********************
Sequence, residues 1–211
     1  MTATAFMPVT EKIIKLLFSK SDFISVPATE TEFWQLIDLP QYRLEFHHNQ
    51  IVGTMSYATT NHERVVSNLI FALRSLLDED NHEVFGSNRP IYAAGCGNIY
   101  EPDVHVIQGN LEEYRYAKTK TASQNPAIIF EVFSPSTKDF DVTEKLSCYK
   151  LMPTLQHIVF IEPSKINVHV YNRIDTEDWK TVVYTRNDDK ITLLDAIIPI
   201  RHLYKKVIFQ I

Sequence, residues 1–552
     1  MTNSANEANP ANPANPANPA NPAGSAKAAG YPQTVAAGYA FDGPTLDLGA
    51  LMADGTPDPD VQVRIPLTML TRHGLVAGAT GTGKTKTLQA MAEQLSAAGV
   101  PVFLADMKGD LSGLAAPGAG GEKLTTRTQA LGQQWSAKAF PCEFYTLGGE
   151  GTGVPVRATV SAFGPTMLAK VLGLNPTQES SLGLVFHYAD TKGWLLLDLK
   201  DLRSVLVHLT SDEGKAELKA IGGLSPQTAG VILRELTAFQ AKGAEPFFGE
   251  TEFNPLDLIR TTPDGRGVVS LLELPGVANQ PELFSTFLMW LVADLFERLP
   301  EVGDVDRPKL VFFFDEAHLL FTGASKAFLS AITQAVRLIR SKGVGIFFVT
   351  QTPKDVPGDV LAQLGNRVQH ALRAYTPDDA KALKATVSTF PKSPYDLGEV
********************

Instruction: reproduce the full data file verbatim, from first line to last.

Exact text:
Sequence, residues 1–211
     1  MTATAFMPVT EKIIKLLFSK SDFISVPATE TEFWQLIDLP QYRLEFHHNQ
    51  IVGTMSYATT NHERVVSNLI FALRSLLDED NHEVFGSNRP IYAAGCGNIY
   101  EPDVHVIQGN LEEYRYAKTK TASQNPAIIF EVFSPSTKDF DVTEKLSCYK
   151  LMPTLQHIVF IEPSKINVHV YNRIDTEDWK TVVYTRNDDK ITLLDAIIPI
   201  RHLYKKVIFQ I

Sequence, residues 1–552
     1  MTNSANEANP ANPANPANPA NPAGSAKAAG YPQTVAAGYA FDGPTLDLGA
    51  LMADGTPDPD VQVRIPLTML TRHGLVAGAT GTGKTKTLQA MAEQLSAAGV
   101  PVFLADMKGD LSGLAAPGAG GEKLTTRTQA LGQQWSAKAF PCEFYTLGGE
   151  GTGVPVRATV SAFGPTMLAK VLGLNPTQES SLGLVFHYAD TKGWLLLDLK
   201  DLRSVLVHLT SDEGKAELKA IGGLSPQTAG VILRELTAFQ AKGAEPFFGE
   251  TEFNPLDLIR TTPDGRGVVS LLELPGVANQ PELFSTFLMW LVADLFERLP
   301  EVGDVDRPKL VFFFDEAHLL FTGASKAFLS AITQAVRLIR SKGVGIFFVT
   351  QTPKDVPGDV LAQLGNRVQH ALRAYTPDDA KALKATVSTF PKSPYDLGEV